These simple snapshots come five years after an investigation, initiated by Weinstein, which found religious intolerance, insensitivity and inappropriate proselytizing on the part of Air Force officers and cadets at the Air Force Academy in Colorado Springs. The Pentagon later attempted to play down the report, admitting to a “perception of religious bias” but denying widespread intolerance. By then, the cat was already out of the bag, as similar complaints and testimonials began leaking out of the other service academies and MRFF became a full time advocate with an increasing client base.

Sadly, not so much has changed since 2005, says Chris Rodda, who is Weinstein’s senior researcher at MRFF and author of Liars For Jesus: The Religious Right’s Alternate Version of American History, Vol. 1.

After a brief period of improvement at the Air Force Academy, she noted, “things are getting worse, again.” She told that the Air Force Academy had refused to release the results of its 2009-2010 climate survey, which evaluates the cadets, staff and faculty on a number of issues relating to campus life. Word is, the results aren’t that positive. On Friday, the academy announced that a Freedom of Information request pushed its hand, and that it will be releasing the numbers in a press conference Oct. 29.

Rodda says MRFF has been talking with an Air Force cadet who insists he’s part of a group of 100 “underground” cadets who “pretend to be fundamentalist Christians when they are not … just to get through.” They’re disenchanted with sending complaints up the chain of command, where “they’re likely to run into one of these Officers’ Christian Fellowship people,” Rodda added. OCF is a private organization made up of more than 15,000 evangelicals, many of them active duty officers.

Not the “Right Kind” of Christian

Weinstein got into this business when his son Curtis, a second-year Air Force Academy cadet, told his father he had been verbally abused by his peers repeatedly for being Jewish. Weinstein saw little had changed since he was a cadet 30 years ago, when the other cadets twice beat him senseless for being a Jew. But that doesn’t mean today’s victims of intolerance and proselytization are all Jewish, Muslim, or of other minority religions in the military. Some 96 percent are Christian, said Rodda, but “they just aren’t the right kind.”

In fact, recent estimates place the number of self-described evangelicals in the military at close to 30 percent. Hardly a majority, yet their cohesion and pervasiveness throughout the system make for a formidable presence on campus, MRFF contends. Groups like Campus Crusade for Christ and Cadence International – which have lots of money and access to students and soldiers – openly proselytize. One look at Cadence International’s website, for example, and it’s clear they’re conflating military duty with service in “God’s war,” where the enemy is the non-believer, and that enemy is a lot closer than you think:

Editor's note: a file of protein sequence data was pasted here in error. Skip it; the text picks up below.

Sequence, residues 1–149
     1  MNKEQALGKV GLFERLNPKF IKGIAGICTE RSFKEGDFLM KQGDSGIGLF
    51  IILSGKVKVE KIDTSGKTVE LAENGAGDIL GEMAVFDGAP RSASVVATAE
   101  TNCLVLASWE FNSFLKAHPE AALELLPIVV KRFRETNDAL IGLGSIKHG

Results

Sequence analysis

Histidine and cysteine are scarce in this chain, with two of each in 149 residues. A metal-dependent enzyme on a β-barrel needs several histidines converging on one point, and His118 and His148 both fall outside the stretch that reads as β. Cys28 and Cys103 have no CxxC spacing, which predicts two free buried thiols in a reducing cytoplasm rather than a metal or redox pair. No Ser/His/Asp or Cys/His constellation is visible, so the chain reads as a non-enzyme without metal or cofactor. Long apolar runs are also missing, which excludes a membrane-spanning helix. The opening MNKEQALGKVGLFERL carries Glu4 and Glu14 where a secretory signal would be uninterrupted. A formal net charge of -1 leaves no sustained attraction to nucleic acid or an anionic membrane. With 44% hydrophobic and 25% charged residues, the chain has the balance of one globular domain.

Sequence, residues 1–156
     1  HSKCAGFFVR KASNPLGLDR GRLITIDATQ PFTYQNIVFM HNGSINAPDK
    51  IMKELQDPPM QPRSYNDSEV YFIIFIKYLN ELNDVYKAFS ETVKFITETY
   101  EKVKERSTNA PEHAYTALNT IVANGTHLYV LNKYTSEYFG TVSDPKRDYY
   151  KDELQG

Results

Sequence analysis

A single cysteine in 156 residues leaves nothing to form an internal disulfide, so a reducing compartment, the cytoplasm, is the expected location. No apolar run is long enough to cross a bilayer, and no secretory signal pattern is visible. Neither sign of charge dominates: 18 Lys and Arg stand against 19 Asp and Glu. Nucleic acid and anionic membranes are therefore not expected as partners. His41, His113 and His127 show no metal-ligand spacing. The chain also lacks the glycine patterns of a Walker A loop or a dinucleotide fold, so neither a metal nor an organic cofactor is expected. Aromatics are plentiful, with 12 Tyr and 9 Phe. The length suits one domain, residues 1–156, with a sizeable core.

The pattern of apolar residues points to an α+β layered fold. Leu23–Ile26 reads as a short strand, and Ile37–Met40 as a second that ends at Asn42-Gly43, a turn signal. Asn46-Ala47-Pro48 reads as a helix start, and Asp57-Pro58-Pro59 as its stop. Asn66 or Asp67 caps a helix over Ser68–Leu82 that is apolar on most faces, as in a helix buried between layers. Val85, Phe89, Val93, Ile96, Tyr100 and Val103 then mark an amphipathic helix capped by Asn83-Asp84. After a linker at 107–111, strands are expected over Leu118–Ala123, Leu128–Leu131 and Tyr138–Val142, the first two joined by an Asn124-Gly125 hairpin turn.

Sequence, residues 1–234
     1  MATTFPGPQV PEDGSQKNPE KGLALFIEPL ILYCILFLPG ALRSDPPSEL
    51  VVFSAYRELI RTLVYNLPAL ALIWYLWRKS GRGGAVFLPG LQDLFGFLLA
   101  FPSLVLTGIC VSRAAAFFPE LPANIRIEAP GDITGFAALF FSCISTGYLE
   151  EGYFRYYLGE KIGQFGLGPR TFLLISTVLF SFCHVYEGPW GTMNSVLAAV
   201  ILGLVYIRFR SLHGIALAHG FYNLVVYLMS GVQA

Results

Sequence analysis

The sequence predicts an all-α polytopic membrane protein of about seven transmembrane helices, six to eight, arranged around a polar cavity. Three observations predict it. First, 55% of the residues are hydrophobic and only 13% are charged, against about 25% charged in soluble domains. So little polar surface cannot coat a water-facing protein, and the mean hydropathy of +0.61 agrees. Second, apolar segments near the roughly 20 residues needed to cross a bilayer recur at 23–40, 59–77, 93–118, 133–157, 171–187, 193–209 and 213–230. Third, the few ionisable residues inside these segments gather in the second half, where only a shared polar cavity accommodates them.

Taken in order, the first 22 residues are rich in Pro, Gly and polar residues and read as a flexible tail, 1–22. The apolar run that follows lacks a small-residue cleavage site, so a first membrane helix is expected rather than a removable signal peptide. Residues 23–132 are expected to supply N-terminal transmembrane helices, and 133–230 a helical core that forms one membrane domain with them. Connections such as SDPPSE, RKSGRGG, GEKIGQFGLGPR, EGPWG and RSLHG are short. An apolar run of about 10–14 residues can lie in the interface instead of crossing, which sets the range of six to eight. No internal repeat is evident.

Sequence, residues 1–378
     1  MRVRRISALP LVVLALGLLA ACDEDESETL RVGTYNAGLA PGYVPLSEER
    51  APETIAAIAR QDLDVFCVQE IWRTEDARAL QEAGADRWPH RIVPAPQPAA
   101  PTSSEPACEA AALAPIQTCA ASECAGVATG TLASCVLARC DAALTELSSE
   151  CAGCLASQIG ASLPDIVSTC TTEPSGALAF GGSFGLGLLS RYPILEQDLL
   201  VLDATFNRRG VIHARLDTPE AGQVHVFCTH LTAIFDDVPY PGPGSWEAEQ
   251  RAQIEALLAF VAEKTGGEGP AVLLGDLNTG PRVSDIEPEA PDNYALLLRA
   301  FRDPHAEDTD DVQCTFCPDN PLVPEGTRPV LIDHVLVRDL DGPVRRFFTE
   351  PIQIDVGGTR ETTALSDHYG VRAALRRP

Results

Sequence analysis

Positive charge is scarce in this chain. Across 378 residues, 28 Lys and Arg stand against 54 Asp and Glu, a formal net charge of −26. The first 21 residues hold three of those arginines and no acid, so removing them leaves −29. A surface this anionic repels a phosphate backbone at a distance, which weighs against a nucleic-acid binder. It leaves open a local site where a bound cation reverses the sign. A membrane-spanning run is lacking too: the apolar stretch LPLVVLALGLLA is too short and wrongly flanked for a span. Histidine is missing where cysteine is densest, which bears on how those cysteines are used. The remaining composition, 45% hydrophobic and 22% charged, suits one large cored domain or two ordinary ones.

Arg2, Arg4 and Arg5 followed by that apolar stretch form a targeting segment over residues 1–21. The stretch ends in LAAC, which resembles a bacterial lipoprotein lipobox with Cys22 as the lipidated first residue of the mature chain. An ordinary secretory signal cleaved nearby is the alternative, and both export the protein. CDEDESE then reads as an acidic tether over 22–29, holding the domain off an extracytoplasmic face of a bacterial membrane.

From Capt. Chris Hopkins, USMC in Iraq, explaining the “Christian’s Code of Conduct” in an article for Cadence:

“Make no mistake, if you love the Lord Jesus you are in a war. … Even now, this war is beginning to manifest itself in the government and population of many countries, including our own. Some of you who are faithful to not deny the name of Jesus will become prisoners of this war, and the price you pay will be great. However, just as the US prisoners of war were sustained many times by this code, so shall we be by the Word when we are taken captive.”

Like Michael the Avenging Archangel draped in the American flag, the religious warrior meme permeates every stage of a born again soldier’s life. From the academy to active duty, professional careers and overseas deployments, this fully entrenched subculture is starting to make the military look less and less like the America outside and more like its own tribe, or even its own nation (don’t miss this 2005 promotional video for Christian Embassy in Washington, in which an Army Brigadier General says, “we are the aroma of Jesus”).

Like it or not this affects us in the worst way. MRFF has been spending years now trying to show the rest of the nation what is being done in our name, and it boils down to this: evangelical soldiers who have been hardwired to believe a.) they represent the one true faith and b.) Muslims are wicked and evil, are going to Iraq and Afghanistan with a two-pronged mission – to kill and convert.

There are plenty of examples of both. The worst in killing: a Bradley tank scrawled with the words “Jesus Killed Mohammed” barreling down the residential streets of the Holy City of Sammara, daring any Iraqi to respond, and then spattering them with gunfire if they do. “(The soldiers) thought he was a hero, a kamikaze on a suicide mission,” wrote Jeff Sharlet, who wrote about the modern day crusaders for Harper’s in May 2009.